Over the years, Mitsubishi’s EVO line of Lancers have traced a bell curve of hot to hard core and then back again. Today’s Nice Price or Crack Pipe EVO may be on the downward slope of that, but could its price still throw you for a curve?
Well, well, well. It appears that few of you have any time at all for salvage title cars. Unlike @Samcrac over on the YouTube, who makes a hobby out of actually salvaging wrecked and written-off cars and trucks, most of you seem only interested in steering well clear of the final product.
That did not bode well for yesterday’s 2007 Dodge Magnum as it carried just such a scarlet letter on its title. That factor made for a lot of derision in the comments and ended in a 57 percent Crack Pipe loss for its modest, but seemingly not modest enough, $4,800 price tag.
Hey, quick question: what’s your favorite racing series? If you said anything out of the World Rally Championship organization—which I know that you did—then we have much to discuss.
The WRC’s rules have long required for certain series that racers be based on production cars and that has resulted in the handful homologation of some of the world’s most iconic and lust-worthy road cars. Thanks to the WRC and their book full of golden rules we have cars like the Lancia Stratos, 037 and HF Integrale. Without the rally rulebook Ford would likely not have given us the mind warping performance of the RS200 Nor Audi the Ur Quattro.
One of the last of the WRC-inspired cars available on the market was the Mitsubishi Lancer Evolution, a model offered by the small Japanese manufacturer across ten generations from 1992 through 2015. Today we have an example of that last generation, a 2015 EVO X and we’re going to decide if it lives up to its legend and, more importantly, to its price tag.
Now, Mitsubishi must have decided that X marks the spot since they stopped making EVOs after this tenth model. It was in fact the last performance-oriented car the company offered in the U.S. market at all. Once a purveyor of all kinds of fun and interesting cars and trucks, Mitsubishi mow makes… well, who the hell knows or even cares?
This however, was an interesting car. Just look at the specs. Sitting side-saddle under the hood is a 2-litre 4B11T four. The factory says that the DOHC all-alloy engine pumps out a factory-rated 291 horsepower, but in the real world it’s likely a little more.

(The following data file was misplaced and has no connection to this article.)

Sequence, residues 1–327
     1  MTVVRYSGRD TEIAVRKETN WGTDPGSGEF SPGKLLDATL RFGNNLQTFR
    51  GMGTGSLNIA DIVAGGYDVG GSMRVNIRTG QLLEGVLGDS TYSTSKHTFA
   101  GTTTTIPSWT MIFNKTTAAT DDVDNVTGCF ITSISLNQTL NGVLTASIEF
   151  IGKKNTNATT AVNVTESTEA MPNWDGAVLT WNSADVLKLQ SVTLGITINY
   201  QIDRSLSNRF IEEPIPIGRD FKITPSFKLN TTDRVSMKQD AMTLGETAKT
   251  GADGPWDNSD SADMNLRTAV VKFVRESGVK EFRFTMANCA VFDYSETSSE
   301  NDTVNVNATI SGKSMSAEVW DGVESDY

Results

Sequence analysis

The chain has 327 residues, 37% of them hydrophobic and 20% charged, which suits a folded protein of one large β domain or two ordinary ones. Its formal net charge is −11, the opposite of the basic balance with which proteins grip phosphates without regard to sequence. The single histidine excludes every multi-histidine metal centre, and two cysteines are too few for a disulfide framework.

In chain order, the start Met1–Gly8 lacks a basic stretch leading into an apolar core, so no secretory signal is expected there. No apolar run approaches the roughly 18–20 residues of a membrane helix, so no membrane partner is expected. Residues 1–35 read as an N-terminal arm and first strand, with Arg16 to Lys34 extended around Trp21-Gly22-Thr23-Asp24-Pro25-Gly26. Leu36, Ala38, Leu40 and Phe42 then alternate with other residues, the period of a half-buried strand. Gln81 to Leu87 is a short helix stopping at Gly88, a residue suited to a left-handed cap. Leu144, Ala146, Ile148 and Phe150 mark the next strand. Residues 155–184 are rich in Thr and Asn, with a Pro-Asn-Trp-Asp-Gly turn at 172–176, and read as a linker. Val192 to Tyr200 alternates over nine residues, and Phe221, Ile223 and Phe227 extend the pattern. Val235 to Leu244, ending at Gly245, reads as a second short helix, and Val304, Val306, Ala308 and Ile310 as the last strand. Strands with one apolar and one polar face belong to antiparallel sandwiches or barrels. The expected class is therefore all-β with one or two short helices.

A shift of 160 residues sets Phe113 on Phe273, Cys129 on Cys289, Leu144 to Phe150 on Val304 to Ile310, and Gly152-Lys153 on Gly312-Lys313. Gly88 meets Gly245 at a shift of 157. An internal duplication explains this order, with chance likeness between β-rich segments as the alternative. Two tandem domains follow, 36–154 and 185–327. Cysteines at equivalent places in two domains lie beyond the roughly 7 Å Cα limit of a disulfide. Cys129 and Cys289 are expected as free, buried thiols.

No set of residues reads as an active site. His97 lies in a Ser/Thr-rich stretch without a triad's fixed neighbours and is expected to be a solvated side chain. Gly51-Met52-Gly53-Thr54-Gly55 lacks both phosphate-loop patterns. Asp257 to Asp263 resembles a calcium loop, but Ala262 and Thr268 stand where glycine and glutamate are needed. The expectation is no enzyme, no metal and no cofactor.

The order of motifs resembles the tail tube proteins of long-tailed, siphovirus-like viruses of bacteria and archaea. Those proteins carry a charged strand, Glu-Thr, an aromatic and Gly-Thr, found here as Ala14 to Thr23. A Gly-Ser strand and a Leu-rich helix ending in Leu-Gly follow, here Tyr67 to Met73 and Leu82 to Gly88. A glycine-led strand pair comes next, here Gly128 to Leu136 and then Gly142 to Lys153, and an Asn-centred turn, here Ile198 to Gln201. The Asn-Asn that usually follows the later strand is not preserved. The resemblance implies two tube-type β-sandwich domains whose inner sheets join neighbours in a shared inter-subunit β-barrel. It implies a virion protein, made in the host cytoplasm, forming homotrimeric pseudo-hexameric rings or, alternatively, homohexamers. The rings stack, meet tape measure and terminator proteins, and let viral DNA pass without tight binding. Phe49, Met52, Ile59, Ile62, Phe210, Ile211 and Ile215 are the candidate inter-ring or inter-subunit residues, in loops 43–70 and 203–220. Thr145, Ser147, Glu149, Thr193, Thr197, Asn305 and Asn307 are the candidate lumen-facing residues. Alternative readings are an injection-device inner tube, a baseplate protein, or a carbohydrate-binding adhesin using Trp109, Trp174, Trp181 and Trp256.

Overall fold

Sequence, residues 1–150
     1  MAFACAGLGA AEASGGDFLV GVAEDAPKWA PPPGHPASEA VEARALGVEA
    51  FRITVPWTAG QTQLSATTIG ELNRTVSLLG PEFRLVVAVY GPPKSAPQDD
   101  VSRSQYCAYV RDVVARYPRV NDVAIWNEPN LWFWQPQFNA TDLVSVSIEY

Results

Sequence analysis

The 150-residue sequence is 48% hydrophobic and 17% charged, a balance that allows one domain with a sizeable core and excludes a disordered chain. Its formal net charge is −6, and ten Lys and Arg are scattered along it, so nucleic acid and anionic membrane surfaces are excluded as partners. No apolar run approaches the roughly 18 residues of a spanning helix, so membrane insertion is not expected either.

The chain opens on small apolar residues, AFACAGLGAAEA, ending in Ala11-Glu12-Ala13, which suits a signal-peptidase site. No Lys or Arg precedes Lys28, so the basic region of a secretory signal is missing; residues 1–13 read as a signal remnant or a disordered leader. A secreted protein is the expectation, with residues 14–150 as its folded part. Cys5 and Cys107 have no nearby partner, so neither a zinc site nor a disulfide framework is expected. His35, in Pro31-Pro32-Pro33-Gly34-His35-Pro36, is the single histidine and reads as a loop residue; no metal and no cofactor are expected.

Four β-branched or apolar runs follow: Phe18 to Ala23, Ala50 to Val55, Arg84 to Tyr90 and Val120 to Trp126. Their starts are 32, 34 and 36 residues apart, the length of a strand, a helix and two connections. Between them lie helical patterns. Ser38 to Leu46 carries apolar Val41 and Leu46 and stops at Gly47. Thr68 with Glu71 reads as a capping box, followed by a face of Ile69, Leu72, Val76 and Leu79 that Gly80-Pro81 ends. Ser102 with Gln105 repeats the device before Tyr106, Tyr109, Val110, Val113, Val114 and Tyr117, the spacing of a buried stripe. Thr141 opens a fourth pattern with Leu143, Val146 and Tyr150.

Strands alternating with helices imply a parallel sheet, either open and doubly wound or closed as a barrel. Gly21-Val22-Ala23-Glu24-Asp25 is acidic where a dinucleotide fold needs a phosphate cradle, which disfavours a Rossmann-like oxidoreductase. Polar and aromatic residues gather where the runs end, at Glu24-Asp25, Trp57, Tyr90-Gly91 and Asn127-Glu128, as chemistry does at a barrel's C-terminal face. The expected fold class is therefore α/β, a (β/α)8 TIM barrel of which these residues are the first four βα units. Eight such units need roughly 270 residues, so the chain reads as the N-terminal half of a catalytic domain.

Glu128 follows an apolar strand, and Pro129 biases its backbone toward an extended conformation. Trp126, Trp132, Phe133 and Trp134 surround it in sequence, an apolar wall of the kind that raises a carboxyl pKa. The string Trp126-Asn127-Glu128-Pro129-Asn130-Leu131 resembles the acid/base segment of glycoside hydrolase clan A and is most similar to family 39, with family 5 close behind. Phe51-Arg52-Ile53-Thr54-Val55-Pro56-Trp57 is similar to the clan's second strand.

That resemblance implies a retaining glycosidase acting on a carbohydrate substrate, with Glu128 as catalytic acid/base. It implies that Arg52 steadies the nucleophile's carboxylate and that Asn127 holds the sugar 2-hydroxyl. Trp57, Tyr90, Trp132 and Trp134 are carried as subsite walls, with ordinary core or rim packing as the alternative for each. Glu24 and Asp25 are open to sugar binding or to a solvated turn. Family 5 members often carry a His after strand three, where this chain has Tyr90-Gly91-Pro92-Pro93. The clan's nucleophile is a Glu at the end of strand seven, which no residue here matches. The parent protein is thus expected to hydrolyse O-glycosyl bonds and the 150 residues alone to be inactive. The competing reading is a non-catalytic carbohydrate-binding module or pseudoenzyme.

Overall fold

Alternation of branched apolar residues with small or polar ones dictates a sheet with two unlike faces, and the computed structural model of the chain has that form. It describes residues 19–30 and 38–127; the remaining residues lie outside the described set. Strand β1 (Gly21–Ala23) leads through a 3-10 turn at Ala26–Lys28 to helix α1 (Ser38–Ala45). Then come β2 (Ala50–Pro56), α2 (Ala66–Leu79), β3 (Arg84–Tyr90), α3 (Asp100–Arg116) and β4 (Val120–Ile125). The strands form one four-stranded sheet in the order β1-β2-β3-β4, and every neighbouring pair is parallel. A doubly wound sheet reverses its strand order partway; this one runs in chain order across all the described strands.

In this GSR’s case, those ponies are fed through a five-speed manual and ‘Super All Wheel Control’ full-time AWD system that applies the car’s 300 lb-ft of torque to whichever axle needs it. It should be noted that the EVO X is a bit less radical than its immediate predecessors. The suspension is a little softer, the bodywork a little tamer. It’s still a pretty compelling package and one that comes with some decent heritage.
This one also comes in white on black and supposedly with the SSS package. That’s ‘Sight, Spoiler, and Sound’ to you and me and is comprised of the big wing in back, HID lamps up front, and a fancy stereo in between.
The car is appreciably stock, although the seller notes that the Recaros in the front row are out of a ’14 model as those were not an option on the ‘15s. He says the airbags have been wired in, which is a good thing. Not so good is the upholstery on those adopted Recaros which looks grungy as hell. Also of note, the A-pillar on the driver’s side is pulling away from the headliner. Perhaps a couple of new clips are needed there.
Exterior aesthetic issues include the alloy wheels, or at least the one we see since it’s been fuglied up by a curb. A cracked fog lamp lens and a stone chip ion the hood round out the list of demerits.
On the plus side, the rest of the car looks to be in pretty nice shape. The paint looks serviceable and the Michelin tires are said to be at their half-way point. The car is claimed to ‘run great and pull hard under acceleration.’ Mechanically it seems pretty stock as well, with just an ECU flash as notable modification. The seller claims this was done to account for ‘California gas,’ which I think was also a Herb Alpert album.
There’s a mere 36,000 miles reported on the odo, and the car comes with a clean title (yay!) And yes, the seller does blank the license plate in one pic and not in all the others. I won’t hold that against him.
We might however, hold issue with the car’s $25,000 asking price. That’s not far off its original, but then remember, Mitsubishi doesn’t make these any more, nor are they ever likely to ever do so again. Sad, but still a good enough reason to grab onto what the seller says is an unmolested example. What do you say, could this EVO be worth that $25,000 price tag? Or, is that just too much dough to go EVO?
H/T to Revunlimiter for the hookup.
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